Pure functions are not new. This isn't a new concept by any means at all, and this certainly isn't the first post anyone has written about them. But the benefits of pure functions are worth re-stating loud and often, because they make your life better. They're self-contained, they reduce cognitive load, increase testability, lead to fewer bugs, and are inherently reusable.
Before reading on, take a moment to consider what the following functions have in common.
const isOverLimit = x => x > limit const multiply = x => x * config.requiredMultiple const getItem = index => store[index] const spaceAvailable = date => schedule[date].attendees < limitPerDay
None of the example functions are complicated by any stretch, but one thing these examples have in common is that you can't look at them and know what their return value will be. You can see that
isOverLimit will return true or false, and you can infer that the point of that function is to find out if a supplied value is over a limit imposed by your system, but do you know whether it will return
true if you call it with
isOverLimit(9000)? You'd have to find out what
limit was pointing to for this, increasing your cognitive load unnecessarily, and making you look elsewhere in your codebase to understand the thing you were originally looking at; too much of that leads to distraction and frustration in equal measure, in my experience at least.
Consider this alternative:
const isOverLimit = (x, limit = 100) => x > limit
Now you can look at that function and see exactly what it'll return under any circumstance. You can see that
isOverLimit(9000) will be
isOverLimit(9000, 9001) will be
Think again about my original
isOverLimit function. Imagine that my Product Owner comes to me one day and says that our company is adding a new "Gold" membership level to our product, with its own special limit of
In my original code, perhaps I'd have
const isOverGoldLimit = x => x > goldLimit, and I'd maintain
goldLimit somewhere. I'd just keep writing this same function for every new membership level introduced, right?
But now that my
isOverLimit is pure, I can just re-use it:
const isOverGoldLimit = x => isOverLimit(x, 1000)
So the example
multiply function is working nicely in my imaginary system, which due to strict business requirements has to multiply things that we give it by a number that is set through a user's configuration, and can be updated at any time. Thanks to another business requirement, I'm not allowed to know what that number is. And thanks to a third business requirement, I must make sure I have an automated test that proves this function is working correctly. How do I do that? It doesn't take much to realise the answer is either "I can't", or if you're being generous, "with difficulty". But if I re-write it to be a pure function like I did with
isOverLimit, it would look like this:
const multiply = (x, y = config.requiredMultiple) => x * y
config.requiredMultiple can still be whatever it was before, but crucially I can easily write a test that checks that my function is working:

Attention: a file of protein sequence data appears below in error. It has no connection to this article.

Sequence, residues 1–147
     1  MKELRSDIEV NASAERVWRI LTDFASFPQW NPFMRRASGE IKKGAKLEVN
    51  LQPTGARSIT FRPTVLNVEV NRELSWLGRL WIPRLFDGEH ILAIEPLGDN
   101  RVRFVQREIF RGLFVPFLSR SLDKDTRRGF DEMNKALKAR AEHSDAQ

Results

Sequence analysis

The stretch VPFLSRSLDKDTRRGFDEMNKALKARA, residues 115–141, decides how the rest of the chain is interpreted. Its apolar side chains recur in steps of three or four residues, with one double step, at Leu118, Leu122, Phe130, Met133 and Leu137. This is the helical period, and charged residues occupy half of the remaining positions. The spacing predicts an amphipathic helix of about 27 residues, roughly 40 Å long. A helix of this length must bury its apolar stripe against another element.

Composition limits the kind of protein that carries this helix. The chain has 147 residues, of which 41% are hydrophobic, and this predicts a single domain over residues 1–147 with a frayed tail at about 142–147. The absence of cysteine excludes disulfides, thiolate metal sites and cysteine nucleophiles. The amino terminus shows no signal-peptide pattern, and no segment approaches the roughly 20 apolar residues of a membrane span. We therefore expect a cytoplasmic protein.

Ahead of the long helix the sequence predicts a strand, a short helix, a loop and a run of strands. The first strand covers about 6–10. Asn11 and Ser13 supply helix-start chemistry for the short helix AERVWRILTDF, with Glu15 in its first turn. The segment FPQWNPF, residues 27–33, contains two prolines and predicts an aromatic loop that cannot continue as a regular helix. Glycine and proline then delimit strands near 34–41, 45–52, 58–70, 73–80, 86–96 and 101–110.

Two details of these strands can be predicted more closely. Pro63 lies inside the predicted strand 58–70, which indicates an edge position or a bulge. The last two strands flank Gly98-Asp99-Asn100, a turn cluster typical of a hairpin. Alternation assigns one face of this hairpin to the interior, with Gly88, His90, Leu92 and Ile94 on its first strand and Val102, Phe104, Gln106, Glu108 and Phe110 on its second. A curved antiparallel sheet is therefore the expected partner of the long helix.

assert.equals(multiply(2, 4), 8)
Pure functions can not cause anything to happen to any values outside of the function themselves. Consider the difference between
array.concat in JS:
const updateItemsViewed = item => itemsViewed.push(item)
Great, this allows me to record what items have been viewed. But thanks to the side effect I've introduced here, this function doesn't give me the same output every time it's called with the same input. For example:
let itemsViewed = ['item1', 'item2', item3'] console.log(updateItemsViewed('item4')) // ['item1', 'item2', 'item3', 'item4'] console.log(updateItemsViewed('item4')) // ['item1', 'item2', 'item3', 'item4', 'item4']
Consider again the automated test for this function - the complication you should see immediately is that the test itself will alter my
itemsViewed, so when I run it a second time, it will add my
test item a second time. You've probably seen this before, where automated tests have a "setup" or "teardown" to deal with "resetting" any side effects the tests themselves have introduced. But if your function was pure in the first place, you wouldn't have this issue:
const itemsViewed = ['item1, 'item2', 'item3'] const updateItemsViewed = (item, itemsViewed = ) => itemsViewed.concat(item) console.log(updateItemsViewed('item4', itemsViewed)) // ['item1', 'item2', 'item3', 'item4'] console.log(updateItemsViewed('item4', itemsViewed)) // ['item1', 'item2', 'item3', 'item4'] assert.deepEqual(updateItemsViewed('testItem'), ['testItem'])
Obviously the examples in this post are contrived to demonstrate the points I'm making, and of course you can't have a codebase entirely full of pure functions, unless the software you're writing is there to do nothing. But seriously, favour pure functions everywhere you can, and keep all your application's side effects to the "edges", and you'll thank yourself in the future. As will anyone else who has to look at your code. :)
Side effects are best avoided wherever they can be, and if you're strict about using pure functions you'll benefit from a codebase that is much easier to test, much easier to reason about, and much easier to extend and maintain. If your functions can be called without using their return value, then they're either not pure, or they're not doing anything. Either way, you can't re-use them or write tests for them (easily), and I'd strongly suggest you should consider changing them if they're anywhere but the very "edges" of your codebase.